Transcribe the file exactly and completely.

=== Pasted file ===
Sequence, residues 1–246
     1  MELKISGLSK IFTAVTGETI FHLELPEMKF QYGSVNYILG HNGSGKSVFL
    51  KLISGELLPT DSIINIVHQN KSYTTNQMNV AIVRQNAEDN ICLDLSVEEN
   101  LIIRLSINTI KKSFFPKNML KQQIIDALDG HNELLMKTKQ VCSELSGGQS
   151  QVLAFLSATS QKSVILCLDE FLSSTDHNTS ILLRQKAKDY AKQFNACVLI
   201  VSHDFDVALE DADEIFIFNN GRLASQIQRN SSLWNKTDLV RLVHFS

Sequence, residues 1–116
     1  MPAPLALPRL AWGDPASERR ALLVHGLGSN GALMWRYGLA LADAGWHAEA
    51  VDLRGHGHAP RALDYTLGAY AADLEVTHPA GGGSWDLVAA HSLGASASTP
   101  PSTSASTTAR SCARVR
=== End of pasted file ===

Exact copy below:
Sequence, residues 1–246
     1  MELKISGLSK IFTAVTGETI FHLELPEMKF QYGSVNYILG HNGSGKSVFL
    51  KLISGELLPT DSIINIVHQN KSYTTNQMNV AIVRQNAEDN ICLDLSVEEN
   101  LIIRLSINTI KKSFFPKNML KQQIIDALDG HNELLMKTKQ VCSELSGGQS
   151  QVLAFLSATS QKSVILCLDE FLSSTDHNTS ILLRQKAKDY AKQFNACVLI
   201  VSHDFDVALE DADEIFIFNN GRLASQIQRN SSLWNKTDLV RLVHFS

Sequence, residues 1–116
     1  MPAPLALPRL AWGDPASERR ALLVHGLGSN GALMWRYGLA LADAGWHAEA
    51  VDLRGHGHAP RALDYTLGAY AADLEVTHPA GGGSWDLVAA HSLGASASTP
   101  PSTSASTTAR SCARVR